Nashville – (Nov. 19-Dec. 23) Visit the Country Music Hall of Fame and Museum’s Store and Hatch Show Print online this holiday season to find clothing, accessories, home décor and historic prints from one of America’s oldest letterpress print shops.

Union City – (Nov. 19-Dec. 30) Put on your cheeriest holiday pajamas and explore one million twinkling lights without ever leaving your car during Discovery Park of America’s Let It Go Light Show. The cost is $10 per car. Be sure to ask about the North Pole Milk, Cookie Kit and 3D glasses.

Nashville – (Nov. 19-Jan. 3) Twinkling lights, Christmas trees, shimmering ornaments, holiday movies, selfie spots, letters to Santa, gingerbread decorating, carolers, carriage rides and more abound during Gaylord Opryland’s A Country Christmas.

Pigeon Forge – (Nov. 19-Jan. 3) Dollywood’s Smoky Mountain Christmas features 5-million glistening lights, award-winning shows, culinary delights, seasonal shopping and holiday do-it-yourself kits to take home, including gingerbread houses.

Sevierville – (Nov. 19-Jan. 3) Immerse yourself in custom-built light displays synchronized with festive music, Santa’s Beach Party display and Santa’s Village during Shadrack’s Christmas Wonderland. Tickets start at $25.

Memphis – (Nov. 19-Jan 8) Christmas at Graceland kicks off the holiday season with a virtual holiday lighting, special Christmas tours, an overnight package at The Guest House at Graceland, Nativity scene, Santa and his sleigh and other fun activities.

Sevierville – (Nov. 19-Jan. 10) Glide across the rink with outdoor ice skating at Wilderness of the Smokies. Skates are available to rent at the rink. Guest admission is $10 for the entire stay and public admission is $17.99.

Gatlinburg – (Nov. 19-Jan. 31) Gatlinburg SkyLift Park transforms North America’s longest pedestrian bridge into a dazzling winter wonderland with a tunnel of 40,000 synchronized lights and dancing trees during “Lights Over Gatlinburg.”

Gatlinburg, Pigeon Forge and Sevierville – (Nov. 19-Feb. 15) Many of the region’s entertainment and tourist attractions transform for the holidays with light displays, unique shopping and award-winning shows during Smoky Mountain Winterfest.

Nashville – (Nov. 20-22) Nashville Ballet will open its 2020-21 performance season with a virtual production of Community. Community celebrates the spirit of the city with works by three artists whose careers blossomed at Nashville Ballet.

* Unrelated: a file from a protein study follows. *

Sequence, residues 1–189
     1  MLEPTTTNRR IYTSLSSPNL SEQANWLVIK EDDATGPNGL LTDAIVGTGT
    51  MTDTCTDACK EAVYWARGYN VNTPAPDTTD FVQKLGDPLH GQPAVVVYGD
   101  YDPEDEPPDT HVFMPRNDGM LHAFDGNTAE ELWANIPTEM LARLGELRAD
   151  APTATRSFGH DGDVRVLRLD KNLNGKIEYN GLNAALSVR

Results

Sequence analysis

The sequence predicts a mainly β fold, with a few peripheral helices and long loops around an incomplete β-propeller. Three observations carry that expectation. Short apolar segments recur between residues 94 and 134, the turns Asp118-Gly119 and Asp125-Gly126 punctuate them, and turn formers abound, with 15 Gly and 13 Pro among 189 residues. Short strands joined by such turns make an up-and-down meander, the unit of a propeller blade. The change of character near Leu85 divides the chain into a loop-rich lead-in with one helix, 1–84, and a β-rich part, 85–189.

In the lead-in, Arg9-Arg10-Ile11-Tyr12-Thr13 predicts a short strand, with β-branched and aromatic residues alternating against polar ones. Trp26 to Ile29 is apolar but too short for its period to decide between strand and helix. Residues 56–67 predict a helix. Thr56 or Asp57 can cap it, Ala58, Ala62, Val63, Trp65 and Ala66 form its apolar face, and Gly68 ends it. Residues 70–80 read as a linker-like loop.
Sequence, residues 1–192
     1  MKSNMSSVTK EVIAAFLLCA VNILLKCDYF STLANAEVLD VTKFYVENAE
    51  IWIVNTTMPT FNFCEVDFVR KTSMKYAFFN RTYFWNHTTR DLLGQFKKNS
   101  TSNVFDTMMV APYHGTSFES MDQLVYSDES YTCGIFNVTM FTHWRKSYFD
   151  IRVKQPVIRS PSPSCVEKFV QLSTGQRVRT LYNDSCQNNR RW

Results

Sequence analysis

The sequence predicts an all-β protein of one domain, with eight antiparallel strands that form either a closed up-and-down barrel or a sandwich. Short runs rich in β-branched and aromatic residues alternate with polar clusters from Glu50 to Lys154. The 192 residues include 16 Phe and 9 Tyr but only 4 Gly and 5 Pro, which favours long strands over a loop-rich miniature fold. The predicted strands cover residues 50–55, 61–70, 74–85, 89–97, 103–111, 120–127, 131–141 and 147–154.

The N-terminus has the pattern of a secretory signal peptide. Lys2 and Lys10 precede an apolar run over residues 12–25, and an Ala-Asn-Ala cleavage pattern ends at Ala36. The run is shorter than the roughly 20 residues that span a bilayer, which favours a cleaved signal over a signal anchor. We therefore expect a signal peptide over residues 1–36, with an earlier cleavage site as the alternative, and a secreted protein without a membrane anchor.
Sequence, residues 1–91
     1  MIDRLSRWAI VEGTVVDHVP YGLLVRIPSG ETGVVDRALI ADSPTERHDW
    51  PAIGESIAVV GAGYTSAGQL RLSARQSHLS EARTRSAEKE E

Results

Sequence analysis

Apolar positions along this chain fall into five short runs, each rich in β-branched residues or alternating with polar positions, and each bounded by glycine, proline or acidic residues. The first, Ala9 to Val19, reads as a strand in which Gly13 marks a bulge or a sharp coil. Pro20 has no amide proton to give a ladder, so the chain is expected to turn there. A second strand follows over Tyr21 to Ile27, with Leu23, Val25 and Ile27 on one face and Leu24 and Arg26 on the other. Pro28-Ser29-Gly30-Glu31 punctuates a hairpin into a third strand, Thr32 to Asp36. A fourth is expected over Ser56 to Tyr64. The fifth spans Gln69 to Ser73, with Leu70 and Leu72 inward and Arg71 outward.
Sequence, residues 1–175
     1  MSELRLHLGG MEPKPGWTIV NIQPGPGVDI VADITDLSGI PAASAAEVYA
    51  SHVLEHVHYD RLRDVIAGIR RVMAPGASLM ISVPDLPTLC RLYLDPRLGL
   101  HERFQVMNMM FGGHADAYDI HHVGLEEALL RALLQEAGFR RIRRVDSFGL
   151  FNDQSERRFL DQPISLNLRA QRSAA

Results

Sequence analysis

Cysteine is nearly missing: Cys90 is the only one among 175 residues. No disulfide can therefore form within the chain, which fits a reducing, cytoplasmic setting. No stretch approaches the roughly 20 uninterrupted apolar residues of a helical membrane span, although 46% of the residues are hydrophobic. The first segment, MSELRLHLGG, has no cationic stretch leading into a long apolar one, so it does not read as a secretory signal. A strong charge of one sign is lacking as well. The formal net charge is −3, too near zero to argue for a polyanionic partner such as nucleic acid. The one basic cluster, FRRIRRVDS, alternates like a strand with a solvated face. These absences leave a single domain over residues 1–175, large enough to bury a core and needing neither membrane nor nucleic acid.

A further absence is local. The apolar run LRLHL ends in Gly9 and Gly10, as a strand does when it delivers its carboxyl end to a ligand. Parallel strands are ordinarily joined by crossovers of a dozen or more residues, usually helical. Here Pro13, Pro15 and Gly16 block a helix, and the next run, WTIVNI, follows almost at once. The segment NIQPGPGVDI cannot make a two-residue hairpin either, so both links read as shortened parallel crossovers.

Clarksville – (Nov. 20-Dec. 18) Enjoy vintage and modern holiday classics at Roxy Regional Theatre in the heart of downtown. Admission is $5, refreshments are available in sealed packaging and the theatre limits seating for social distancing.

Chattanooga – (Nov. 20-Dec. 31) Holiday under the Peaks at Tennessee Aquarium features festive decorations, holiday music, a seasonally-themed scavenger hunt and a trip on The Polar Express in the aquarium’s IMAX 3D Theater.

Nashville – (Nov. 20-Jan. 10) Over a million lights adorn the gardens during Cheekwood’s Holiday Lights. Enjoy seasonal favorites like real reindeer, a Poinsettia tree, trains lit up for the holidays and a unique story of the Nutcracker exhibit. 

Gallatin – (Nov. 21) Bledsoe Creek State Park celebrates Native American Heritage Month with a lunch and learn. Bring a picnic and learn about Native Americans who lived and hunted in the area 11 a.m. at the Visitor’s Center back porch.

Columbia – (Nov. 21) A Very Maury Christmas features over 30 vendors and boutiques 9 a.m. – 4 p.m. at the Memorial Building downtown. A $5 entry fee will be accepted at the door benefiting aMuse’um Children’s Museum.

Gatlinburg – (Nov. 23-Jan. 3) Twinkling lights, visits from Santa, special events, fire pits and a whimsical stroll through the Treetop Skywalk make for an Enchanted Winter at Anakeesta.

Clarksville – (Nov. 24-Jan.1) Stroll and be captivated by light displays with over two million lights and a popular light tunnel during the half-mile Cumberland Riverwalk during Christmas on the Cumberland open nightly, weather permitting.

Clarksville – (Nov. 26-Jan. 2) Stay in the safety of your car to experience the Clarksville Speedway’s Drive-Thru Christmas Lights. Load up the car and cruise the one-mile track to take in the glow and sounds of the season. The cost is $25 per car.

Livingston – (Nov. 27, Dec. 4 & 11) Christmas in the Country 5-8 p.m. on the historic downtown square includes local merchants, carriage rides, performances by local dance students, a live nativity scene and pictures with Santa.

Castalian Springs – (Nov. 28) Journey through Christmas through the Ages: A Victorian Holiday 10 a.m. – 4 p.m. at Historic Wynnewood. Learn about Christmas traditions, tour the home and enjoy hot cider.

Collierville – (Nov. 28-Dec. 19) Take horse-drawn carriage rides around the Town Square, snap pictures along the Holiday Photo Stroll and experience a quarter of a million holiday lights during Christmas in Colliervilleevery Saturday.

Townsend – (Nov. 28, Dec. 4, 12 & 19) The Great Smoky Mountains Heritage Center’s Christmas in the Village features a pioneer celebration, living history interpreters and an Appalachian Village full of handcrafting demonstrations, lights and décor.

Franklin – (Nov. 28-Dec. 26) Holiday Magic on Main downtown features downtown merchants along Main Street offering special discounts and promotions, pop-up appearances by Dickens characters, period dancers, live music and holiday décor.